by Roger Bourke White Jr., copyright April 2015
Canasta is a card game, and a fun one.
What follows are some techniques that I have found work well in playing Canasta. This isn't about the rules, this is about tactics that help you win.
Note that there are two basic styles of Canasta play: three player, in which you are playing solo; and four player, in which you are playing with a teammate. There are different tactics for solo and team play.
Something that applies to both styles is the goal of the game: The goal is to get a lot of points before your opponents do, typically ten thousand to win a session. So these tactics are about how to acquire points quickly.
The common keys to doing that in both versions are:
o getting a lot of cards, as in, picking up the discard pile when it gets thick (but with some qualifications, discussed below)
o getting your backup hand picked up
o getting your backup hand picked up, plus putting down three "red" canastas, two "black" canastas, and your hand emptied so you can "go out" and end this round of the game
o if you can't be the one who goes out, getting as many cards out of your hand and on the table before someone else goes out
Doing these well are what the following tactics are about. I will start with three player (solo) tactics.
When you look at what you have been dealt, keep two goals in mind: picking up the discard pile and getting all the cards in your hand on the table so you can pick up your backup hand.
To pick up the discard pile keep lots of pairs in your hand. When you discard after your draw, discard solos, not parts of a pair.
To get all the cards in your hand on the table you need either triples or pairs plus a wild card. So hang on to you wild cards.
First discard black threes, then singles, as your first choices. To refine the singles choice even more, check what the player following you has put down on the table. What they have put down they are unlikely to have more of in their hand, so putting one of those down lessens the chance of their picking up the discard pile. Also, if they have just a few cards in their hand, they aren't going to have many pairs, so picking up anything you discard is unlikely. Conversely, if they have a fistful of cards in their hand, watch out! They are trying to pick up just like you are. In particular watch out just after they have picked up their backup hand -- they have a whole new hand now, with an unknown mix of pairs. In such cases, discarding a wild card may be a prudent choice.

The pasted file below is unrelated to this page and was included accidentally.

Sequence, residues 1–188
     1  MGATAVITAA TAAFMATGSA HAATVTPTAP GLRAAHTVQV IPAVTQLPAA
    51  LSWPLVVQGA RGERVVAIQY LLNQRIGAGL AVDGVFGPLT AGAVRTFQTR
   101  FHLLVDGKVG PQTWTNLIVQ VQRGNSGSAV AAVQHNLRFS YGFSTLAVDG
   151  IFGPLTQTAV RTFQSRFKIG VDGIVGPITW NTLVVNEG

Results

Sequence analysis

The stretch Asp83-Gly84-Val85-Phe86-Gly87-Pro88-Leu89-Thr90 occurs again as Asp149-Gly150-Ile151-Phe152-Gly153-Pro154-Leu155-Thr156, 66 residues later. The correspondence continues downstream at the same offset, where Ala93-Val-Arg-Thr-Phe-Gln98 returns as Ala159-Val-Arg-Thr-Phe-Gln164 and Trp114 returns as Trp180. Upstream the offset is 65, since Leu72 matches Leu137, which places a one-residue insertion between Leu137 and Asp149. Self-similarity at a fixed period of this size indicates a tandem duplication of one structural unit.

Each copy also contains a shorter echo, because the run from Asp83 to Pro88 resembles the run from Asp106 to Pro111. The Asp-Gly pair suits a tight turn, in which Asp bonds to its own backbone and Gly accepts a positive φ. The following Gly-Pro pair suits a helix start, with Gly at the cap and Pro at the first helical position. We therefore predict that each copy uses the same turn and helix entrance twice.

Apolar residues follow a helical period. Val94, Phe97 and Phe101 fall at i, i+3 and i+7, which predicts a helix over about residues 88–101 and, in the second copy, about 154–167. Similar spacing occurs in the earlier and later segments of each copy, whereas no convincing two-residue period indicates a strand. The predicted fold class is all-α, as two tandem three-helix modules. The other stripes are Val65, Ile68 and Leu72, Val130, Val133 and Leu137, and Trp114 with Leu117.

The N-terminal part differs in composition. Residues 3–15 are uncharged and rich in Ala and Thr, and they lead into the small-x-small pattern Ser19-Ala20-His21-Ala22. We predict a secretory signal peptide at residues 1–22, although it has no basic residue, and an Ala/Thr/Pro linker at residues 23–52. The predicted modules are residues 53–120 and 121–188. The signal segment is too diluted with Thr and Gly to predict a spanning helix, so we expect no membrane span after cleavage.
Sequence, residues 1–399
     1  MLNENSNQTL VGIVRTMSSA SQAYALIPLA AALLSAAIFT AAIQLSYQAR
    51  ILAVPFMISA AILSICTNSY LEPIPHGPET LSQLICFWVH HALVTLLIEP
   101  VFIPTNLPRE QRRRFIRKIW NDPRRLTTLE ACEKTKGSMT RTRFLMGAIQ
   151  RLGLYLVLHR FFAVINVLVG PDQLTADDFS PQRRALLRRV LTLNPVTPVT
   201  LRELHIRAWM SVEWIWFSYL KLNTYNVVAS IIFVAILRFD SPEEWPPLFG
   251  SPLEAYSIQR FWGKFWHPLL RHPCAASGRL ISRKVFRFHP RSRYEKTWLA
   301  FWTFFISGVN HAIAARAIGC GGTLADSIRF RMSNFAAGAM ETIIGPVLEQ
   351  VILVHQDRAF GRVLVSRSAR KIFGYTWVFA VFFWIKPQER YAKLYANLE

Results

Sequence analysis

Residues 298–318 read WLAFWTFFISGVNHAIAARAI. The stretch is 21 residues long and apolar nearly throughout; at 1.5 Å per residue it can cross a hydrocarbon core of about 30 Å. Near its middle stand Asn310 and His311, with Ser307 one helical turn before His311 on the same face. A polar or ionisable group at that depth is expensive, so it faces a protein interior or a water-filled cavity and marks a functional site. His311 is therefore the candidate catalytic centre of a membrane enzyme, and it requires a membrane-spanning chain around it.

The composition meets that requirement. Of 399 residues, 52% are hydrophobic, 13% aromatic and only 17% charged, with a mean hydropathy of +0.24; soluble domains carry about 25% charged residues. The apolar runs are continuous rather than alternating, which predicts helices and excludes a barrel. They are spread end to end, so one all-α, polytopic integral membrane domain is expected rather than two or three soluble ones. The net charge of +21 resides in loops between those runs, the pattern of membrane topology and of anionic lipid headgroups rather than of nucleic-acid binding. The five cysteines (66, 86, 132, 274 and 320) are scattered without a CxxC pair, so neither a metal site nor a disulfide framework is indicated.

In general, hold on to your cards, don't put them on the table. Put them on the table in two cases: you are picking up the discard pile, or you are putting them all down so you can pick up your backup hand. (Note this tactic is the biggest difference between playing solo and playing on a team. See team play for more details.)
If the discard pile gets "toxic" -- filled with lots of black threes -- you don't want to pick it up while you are in the first half of the game. It will take too long to discard all the black threes, which means you can't pick up your backup, and someone else could go out while you're still discarding them. (Deciding when it has become toxic is your call, typically four or more.) When the discard pile gets toxic, it is fine to unload your hand and put as much on the table as you can.
The second half of the game begins when you pick up your backup. The big difference this makes is that you can now go out, and lots of black three's in the discard pile is no longer a problem. You can put them down on the table when you are ready to go out. So pick up whenever you can.
The end game comes when you have three red and two black canastas on the table and you can put down or discard your entire hand. The limiter here is often getting the three reds. This is harder if you have your wild cards spread widely through what you have been putting down. For this reason keep your wild cards as concentrated as you can in your put downs. Given a choice between adding a wild card to a "clean" triple and a foursome that already has a wild card, add it to the foursome.
After someone goes out, count away.
When playing with a teammate, you want to help them get their backup picked up fast as well as getting your own backup picked up. For that reason you want to lay down your triples as fast as you get them. If you have a fivesome in the early game, lay down three and keep two so you have a pair for picking up the discard pile.
If your partner is having trouble getting his backup picked up, then lay down your pairs plus a wild card -- this will give them more opportunities to lay down their cards.
These are the big changes between solo and team play.
The big goal is to go out first. If you are the one going out, your opponents will have to count what is in their hands against their score. The second big goal is to pick up the discard pile often. That puts lots of cards in your hand which will put lots of cards on the table and rack up your score.
-- The End --